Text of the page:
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Current & Critical

Arthroscopy/Soft Tissue Repair Market Ripe for 6% Growth

By Carolyn LaWell

Sales from arthroscopy/soft tissue repair products in 2017 surpassed $5.3 billion and grew 6.2% vs. 2016, according to our estimates published in THE ORTHOPAEDIC INDUSTRY ANNUAL REPORT®. The segment exceeded our projections, partially due to better-than-expected growth by players like DePuy Synthes, Stryker and Zimmer Biomet.

The top-tier players have invested in the space through R&D and acquisitions in recent years, and their ability to expand the market or take share from the dominant leaders, Arthrex and Smith & Nephew, will be worth watching in the coming years. We direct you to Exhibit 1 for a closer look at individual company and total market performance.

 

Exhibit 1A: Arthroscopy/Soft Tissue Sales Performance: Top Players and All Others ($Millions)

  2017  2016  $ Change  % Change 
 Arthrex  $1,732.5  $1,540.0  $192.5  12.5% 
 Smith & Nephew  $1,243.0  $1,218.0  $25.0  2.1% 
 DePuy Synthes  $710.5  $696.4  $14.1  2.0% 
 Stryker  $494.0  $461.5  $32.5  7.0% 
 ConMed  $429.0  $422.2  $6.8  1.6% 
 Zimmer Biomet  $129.4  $124.2  $5.2  4.2% 
 Karl Storz  $114.6  $109.1  $5.5  5.0% 
~120 companies with
revenue below $99MM 
$465.5  $438.3  $27.2  6.2% 
Total   $5,318.5  $5,009.7  $308.8  6.2% 



Exhibit 1B: Arthroscopy/Soft Tissue Market Share: Top Players and All Others

Arthroscopy/Soft Tissue Repair Market Share by ORTHOWORLD Estimates 2017

 

To provide perspective on three of the top players:

Our estimates conclude that Arthrex controls one-third of the arthroscopy/soft tissue market and continues to experience sales at double the market growth rate. Among the products for which Arthrex received 510(k) clearances in 2017 and 1H18 were anchors and screws for the foot, knee and shoulder, including the Knotless SutureTak Anchor, NanoSuture Anchor and PushLock Anchor.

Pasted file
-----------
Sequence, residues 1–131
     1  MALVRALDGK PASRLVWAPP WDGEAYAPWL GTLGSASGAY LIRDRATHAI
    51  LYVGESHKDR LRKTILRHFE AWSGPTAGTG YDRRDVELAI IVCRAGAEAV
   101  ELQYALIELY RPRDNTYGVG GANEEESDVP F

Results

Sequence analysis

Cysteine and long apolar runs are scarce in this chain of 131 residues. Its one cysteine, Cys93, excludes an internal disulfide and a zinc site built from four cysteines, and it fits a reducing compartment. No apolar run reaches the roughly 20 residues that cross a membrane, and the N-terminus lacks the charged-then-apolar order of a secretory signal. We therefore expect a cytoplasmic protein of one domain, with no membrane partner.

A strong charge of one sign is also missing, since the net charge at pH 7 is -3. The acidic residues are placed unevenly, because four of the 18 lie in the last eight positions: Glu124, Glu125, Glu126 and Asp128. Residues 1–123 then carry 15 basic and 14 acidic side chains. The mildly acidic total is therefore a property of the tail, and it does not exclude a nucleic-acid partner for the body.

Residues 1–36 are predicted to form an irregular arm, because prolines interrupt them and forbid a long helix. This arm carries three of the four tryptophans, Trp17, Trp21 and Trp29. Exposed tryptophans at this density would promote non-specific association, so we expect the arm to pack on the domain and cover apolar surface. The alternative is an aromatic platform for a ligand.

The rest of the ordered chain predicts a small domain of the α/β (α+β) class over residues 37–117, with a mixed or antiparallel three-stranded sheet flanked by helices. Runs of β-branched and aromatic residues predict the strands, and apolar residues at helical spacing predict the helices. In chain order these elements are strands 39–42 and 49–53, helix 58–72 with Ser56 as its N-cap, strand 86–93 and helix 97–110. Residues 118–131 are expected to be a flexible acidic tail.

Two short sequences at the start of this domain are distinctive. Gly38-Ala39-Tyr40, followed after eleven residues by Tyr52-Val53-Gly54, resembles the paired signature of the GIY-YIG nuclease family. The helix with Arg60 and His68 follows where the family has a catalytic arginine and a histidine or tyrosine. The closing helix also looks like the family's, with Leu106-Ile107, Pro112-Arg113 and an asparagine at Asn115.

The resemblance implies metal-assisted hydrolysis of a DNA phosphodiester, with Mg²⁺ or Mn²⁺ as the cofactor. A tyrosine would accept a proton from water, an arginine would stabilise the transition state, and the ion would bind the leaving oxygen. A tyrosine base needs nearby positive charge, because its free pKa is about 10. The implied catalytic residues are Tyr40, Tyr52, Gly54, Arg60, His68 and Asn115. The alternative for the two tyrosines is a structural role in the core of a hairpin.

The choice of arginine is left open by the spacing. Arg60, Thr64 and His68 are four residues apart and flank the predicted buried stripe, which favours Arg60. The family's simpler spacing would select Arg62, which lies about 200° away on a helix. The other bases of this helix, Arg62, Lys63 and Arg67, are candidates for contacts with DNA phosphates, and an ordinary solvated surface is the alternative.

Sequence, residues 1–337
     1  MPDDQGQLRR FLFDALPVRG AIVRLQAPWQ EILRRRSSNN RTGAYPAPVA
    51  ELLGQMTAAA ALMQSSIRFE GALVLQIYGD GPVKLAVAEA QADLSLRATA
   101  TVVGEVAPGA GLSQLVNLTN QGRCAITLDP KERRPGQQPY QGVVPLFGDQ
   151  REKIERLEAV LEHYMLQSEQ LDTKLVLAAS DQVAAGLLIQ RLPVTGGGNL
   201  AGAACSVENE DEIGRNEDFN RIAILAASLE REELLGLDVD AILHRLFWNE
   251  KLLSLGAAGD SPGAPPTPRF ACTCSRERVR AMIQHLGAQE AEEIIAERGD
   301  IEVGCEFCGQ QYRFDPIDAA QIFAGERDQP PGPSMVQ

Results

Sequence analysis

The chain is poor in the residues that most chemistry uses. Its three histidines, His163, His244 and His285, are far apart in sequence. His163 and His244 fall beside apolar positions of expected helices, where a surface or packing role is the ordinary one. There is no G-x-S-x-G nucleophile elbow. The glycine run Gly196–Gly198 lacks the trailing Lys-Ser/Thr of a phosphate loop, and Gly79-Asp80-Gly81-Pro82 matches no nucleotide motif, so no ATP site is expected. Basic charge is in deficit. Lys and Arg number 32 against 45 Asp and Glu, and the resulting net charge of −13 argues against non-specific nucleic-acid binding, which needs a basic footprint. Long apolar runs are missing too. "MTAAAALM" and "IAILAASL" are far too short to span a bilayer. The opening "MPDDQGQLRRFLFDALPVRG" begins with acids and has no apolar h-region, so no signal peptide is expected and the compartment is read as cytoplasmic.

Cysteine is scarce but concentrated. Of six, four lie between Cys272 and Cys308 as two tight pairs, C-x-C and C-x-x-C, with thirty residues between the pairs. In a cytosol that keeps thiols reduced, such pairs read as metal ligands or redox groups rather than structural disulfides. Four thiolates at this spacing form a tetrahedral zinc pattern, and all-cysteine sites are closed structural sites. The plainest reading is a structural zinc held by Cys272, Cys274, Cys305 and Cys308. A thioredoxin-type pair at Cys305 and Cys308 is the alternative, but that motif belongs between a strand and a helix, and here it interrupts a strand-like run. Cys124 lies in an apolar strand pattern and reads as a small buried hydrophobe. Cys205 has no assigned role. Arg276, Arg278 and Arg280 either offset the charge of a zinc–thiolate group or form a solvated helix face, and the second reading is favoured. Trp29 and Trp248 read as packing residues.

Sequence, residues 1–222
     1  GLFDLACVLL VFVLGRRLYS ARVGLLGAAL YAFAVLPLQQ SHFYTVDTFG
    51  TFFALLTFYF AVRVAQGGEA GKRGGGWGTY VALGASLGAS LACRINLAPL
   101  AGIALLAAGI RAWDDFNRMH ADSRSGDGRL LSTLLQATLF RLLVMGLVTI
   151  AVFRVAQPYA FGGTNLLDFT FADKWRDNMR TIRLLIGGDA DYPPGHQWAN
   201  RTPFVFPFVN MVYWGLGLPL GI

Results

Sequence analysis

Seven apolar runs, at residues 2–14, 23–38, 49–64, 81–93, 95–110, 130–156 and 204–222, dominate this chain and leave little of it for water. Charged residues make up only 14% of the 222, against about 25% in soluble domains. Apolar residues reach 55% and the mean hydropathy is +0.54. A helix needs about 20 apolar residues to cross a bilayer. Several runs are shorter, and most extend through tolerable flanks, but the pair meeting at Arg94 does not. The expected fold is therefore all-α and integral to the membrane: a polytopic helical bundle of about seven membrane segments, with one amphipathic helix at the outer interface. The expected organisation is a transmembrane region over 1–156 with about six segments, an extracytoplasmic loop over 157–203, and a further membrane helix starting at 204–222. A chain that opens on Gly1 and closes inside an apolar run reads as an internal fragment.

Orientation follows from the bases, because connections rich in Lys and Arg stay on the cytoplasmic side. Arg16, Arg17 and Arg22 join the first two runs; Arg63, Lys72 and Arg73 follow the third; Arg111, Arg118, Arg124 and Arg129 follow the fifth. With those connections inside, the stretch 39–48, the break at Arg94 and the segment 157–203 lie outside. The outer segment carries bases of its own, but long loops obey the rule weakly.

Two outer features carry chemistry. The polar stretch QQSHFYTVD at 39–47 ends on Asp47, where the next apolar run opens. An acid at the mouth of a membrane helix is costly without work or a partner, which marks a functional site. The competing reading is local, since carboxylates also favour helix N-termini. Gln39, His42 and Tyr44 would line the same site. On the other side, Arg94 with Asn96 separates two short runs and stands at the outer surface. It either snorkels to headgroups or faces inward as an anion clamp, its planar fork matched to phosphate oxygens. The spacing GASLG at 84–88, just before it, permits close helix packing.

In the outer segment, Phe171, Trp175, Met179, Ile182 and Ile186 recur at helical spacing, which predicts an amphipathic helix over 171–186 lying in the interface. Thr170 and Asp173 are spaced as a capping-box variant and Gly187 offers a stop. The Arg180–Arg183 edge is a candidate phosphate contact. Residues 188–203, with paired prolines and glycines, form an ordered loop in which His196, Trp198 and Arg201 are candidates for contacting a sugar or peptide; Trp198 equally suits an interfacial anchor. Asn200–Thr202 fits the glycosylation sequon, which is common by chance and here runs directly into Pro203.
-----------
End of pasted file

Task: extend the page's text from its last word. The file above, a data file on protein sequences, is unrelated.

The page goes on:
Smith & Nephew, the second-largest player in the segment, experienced softer growth in 2017 due to lower-than-expected adoption of its legacy resection and radiofrequency products—a challenge that the company continued to cite in its 1Q18 earnings call. The company expects 2018 to be stronger, with rollouts of its LENS visualization and WEREWOLF COBLATION products, as well as Rotation Medical’s tissue regeneration product for rotator cuff, which Smith & Nephew purchased in 4Q17. In 1Q18, Smith & Nephew posted arthroscopy/soft tissue revenue of $322.0 million, +4.7% vs. 1Q17.           

Of note, in 4Q17, ConMed returned to growth for the first time in seven quarters, posting U.S. sales up 5.3% and international up 10.5% vs. 4Q16. New product rollouts (more expected in 3Q) and tuck-in acquisitions have been a part of their growth story, including the acquisitions of KFx Medical’s AppianFx soft tissue fixation and MedShape’s ExoShape Anterior Cruciate Ligament fixation. ConMed posted 1Q18 revenue of $108.9 million, +4.9% vs. 1Q17.

We project that the arthroscopy/soft tissue market will continue to grow in the 6% range for each of the next five years. Medium and small orthopaedic companies will expand their portfolios to include complementary devices that meet the needs of sports medicine surgeons, and larger companies will make acquisitions. Specifically, the following forces will play a role in the segment’s growth:

  • Patient demographics are suitable to grow the arthroscopy/soft tissue market, as younger, more active folks seek interventional procedures to keep them mobile prior to joint reconstruction.
     
  • The top-tier players are committed to expanding their portfolios, whether through their own R&D efforts or bolt-on acquisitions. In recent years, we’ve stated that the more product-diverse companies see the segment as complementary to other product lines like joint reconstruction, e.g. Zimmer Biomet’s Subchondroplasty and Wright Medical’s 2018 license agreement with KFx Medical for knotless rotator cuff repair. Conversely, in 2017, Arthrex received regulatory clearance for its own total knee and total shoulder products. This point is magnified by a suggestion by shoulder surgeon C. Scott Humphrey (See below), that the move of total joint arthroplasty to ASCs could benefit surgeon owners, who are losing money on arthroscopy.